Does Delta cause more severe disease?
While hospitalizations and deaths from COVID-19 are increasing again, it's not yet clear whether Delta causes more severe illness than previous strains.
How can we protect unvaccinated children from the Delta variant?
With children 12 and under not yet eligible for the COVID-19 vaccine, kids are especially vulnerable to the Delta variant. One way to protect unvaccinated children is for parents and other close family members to get vaccinated.
It's also a good idea to keep masks handy when going out in public places. Due to risk Delta poses, the American Academy of Pediatrics issued new guidelines July 19 recommending that all staff and students over age 2 wear face masks in school this fall, even if they have been vaccinated.
Parents should also avoid taking their unvaccinated children to crowded, indoor locations and make sure their kids are practicing good hand-washing hygiene. For children younger than 2, limit visits with friends and family members who are unvaccinated or whose vaccination status is unknown and keep up social distancing practices while in public.
While there's no evidence yet that Delta increases disease severity in children, parents should be mindful that in some rare cases, kids can get a severe form of the disease.
"We're seeing more children getting sick and we're seeing some of them get very sick," Surtees said. "Those children can then pass on the virus to other individuals, including people who are immunocompromised or unvaccinated."
If you look back on the last century of scientific achievements, you might notice that most of the scientists we celebrate are overwhelmingly white, while scientists of color take a backseat. Since the Nobel Prize was introduced in 1901, for example, no black scientists have landed this prestigious award.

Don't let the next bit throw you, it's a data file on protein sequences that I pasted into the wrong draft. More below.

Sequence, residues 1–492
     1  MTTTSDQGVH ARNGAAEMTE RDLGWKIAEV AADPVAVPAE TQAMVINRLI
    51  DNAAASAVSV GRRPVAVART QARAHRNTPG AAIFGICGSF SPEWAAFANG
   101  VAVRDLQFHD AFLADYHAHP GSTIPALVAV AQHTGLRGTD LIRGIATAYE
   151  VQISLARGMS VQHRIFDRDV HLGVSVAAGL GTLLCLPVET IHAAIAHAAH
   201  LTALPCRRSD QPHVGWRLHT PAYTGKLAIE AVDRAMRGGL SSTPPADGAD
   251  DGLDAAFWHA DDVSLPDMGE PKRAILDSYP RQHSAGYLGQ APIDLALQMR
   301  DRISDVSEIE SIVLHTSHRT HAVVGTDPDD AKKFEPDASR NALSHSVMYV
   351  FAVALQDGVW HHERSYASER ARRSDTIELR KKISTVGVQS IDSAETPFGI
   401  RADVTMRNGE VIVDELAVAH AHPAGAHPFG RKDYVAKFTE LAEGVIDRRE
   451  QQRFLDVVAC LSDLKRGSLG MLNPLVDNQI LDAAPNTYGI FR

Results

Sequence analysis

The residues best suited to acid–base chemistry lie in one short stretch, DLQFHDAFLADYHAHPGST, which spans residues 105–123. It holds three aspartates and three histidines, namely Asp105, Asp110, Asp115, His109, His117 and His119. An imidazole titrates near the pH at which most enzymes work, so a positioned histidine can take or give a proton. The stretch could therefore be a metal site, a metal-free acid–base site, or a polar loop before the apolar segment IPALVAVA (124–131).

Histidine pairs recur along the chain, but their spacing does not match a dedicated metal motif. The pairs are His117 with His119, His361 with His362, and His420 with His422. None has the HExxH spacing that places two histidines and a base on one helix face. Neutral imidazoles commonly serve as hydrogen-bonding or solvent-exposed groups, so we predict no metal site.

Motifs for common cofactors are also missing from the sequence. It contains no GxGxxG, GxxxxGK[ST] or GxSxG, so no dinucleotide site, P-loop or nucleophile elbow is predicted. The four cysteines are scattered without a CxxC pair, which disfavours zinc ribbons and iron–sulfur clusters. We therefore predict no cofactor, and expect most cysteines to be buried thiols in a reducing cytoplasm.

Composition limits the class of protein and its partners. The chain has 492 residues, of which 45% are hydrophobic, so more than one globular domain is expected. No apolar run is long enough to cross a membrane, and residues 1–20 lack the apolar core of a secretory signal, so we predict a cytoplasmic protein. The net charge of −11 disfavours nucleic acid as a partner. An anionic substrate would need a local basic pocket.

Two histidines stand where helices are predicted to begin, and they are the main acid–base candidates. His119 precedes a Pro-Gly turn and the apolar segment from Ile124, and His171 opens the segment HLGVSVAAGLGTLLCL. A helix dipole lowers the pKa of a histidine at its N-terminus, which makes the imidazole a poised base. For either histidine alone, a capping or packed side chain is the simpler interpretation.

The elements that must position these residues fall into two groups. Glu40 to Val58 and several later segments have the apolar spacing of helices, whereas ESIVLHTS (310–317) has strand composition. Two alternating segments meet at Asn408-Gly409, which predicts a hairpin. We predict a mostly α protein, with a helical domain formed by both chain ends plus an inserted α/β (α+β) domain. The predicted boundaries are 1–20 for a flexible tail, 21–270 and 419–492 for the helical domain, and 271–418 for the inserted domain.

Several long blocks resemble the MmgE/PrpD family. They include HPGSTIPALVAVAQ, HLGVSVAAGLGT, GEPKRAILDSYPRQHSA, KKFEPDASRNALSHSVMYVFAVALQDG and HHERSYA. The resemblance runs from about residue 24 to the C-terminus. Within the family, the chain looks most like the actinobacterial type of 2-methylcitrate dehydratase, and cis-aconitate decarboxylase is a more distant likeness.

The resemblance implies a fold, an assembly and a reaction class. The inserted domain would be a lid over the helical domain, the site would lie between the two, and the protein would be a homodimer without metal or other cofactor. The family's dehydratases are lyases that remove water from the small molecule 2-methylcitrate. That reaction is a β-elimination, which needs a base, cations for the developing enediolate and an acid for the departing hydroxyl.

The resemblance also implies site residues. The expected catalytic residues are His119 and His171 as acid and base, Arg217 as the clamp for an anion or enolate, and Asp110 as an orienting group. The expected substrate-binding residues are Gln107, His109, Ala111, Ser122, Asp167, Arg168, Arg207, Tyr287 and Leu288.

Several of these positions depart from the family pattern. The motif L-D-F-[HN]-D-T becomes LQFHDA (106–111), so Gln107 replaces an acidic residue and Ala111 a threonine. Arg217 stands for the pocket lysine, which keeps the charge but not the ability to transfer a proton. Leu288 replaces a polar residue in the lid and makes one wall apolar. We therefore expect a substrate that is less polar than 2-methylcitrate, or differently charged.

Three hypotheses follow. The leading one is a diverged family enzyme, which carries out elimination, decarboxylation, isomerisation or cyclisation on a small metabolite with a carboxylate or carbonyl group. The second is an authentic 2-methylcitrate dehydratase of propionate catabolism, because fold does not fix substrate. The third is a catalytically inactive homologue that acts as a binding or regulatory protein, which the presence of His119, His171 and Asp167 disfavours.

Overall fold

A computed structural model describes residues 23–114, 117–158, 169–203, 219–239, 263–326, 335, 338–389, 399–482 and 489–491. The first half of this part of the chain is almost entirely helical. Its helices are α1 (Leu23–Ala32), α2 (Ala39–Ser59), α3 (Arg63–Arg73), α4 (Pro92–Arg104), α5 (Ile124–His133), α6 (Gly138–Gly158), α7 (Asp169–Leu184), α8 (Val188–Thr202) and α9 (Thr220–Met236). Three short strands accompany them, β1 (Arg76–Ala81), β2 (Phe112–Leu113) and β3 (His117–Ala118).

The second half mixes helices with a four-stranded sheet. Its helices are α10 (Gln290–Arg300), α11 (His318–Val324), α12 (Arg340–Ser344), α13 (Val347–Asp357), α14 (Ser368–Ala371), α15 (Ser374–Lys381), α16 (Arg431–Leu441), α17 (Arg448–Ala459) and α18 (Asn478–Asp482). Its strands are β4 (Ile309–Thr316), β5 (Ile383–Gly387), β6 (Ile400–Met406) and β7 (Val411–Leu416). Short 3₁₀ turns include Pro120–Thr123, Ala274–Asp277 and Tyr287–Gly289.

The work of black women scientists has gone unrecognized in particular. Their work uncredited and often stolen, black women have nevertheless contributed to some of the most important advancements of the last 100 years, from the polio vaccine to GPS.
Here are five black women who have changed science forever.
Dr. May Edward Chinn
Dr. May Edward Chinn practicing medicine in Harlem
George B. Davis, PhD.
Chinn was born to poor parents in New York City just before the start of the 20th century. Although she showed great promise as a pianist, playing with the legendary musician Paul Robeson throughout the 1920s, she decided to study medicine instead. Chinn, like other black doctors of the time, were barred from studying or practicing in New York hospitals. So Chinn formed a private practice and made house calls, sometimes operating in patients’ living rooms, using an ironing board as a makeshift operating table.
Chinn worked among the city’s poor, and in doing this, started to notice her patients had late-stage cancers that often had gone undetected or untreated for years. To learn more about cancer and its prevention, Chinn begged information off white doctors who were willing to share with her, and even accompanied her patients to other clinic appointments in the city, claiming to be the family physician. Chinn took this information and integrated it into her own practice, creating guidelines for early cancer detection that were revolutionary at the time—for instance, checking patient health histories, checking family histories, performing routine pap smears, and screening patients for cancer even before they showed symptoms. For years, Chinn was the only black female doctor working in Harlem, and she continued to work closely with the poor and advocate for early cancer screenings until she retired at age 81.
Pictorial Press Ltd/Alamy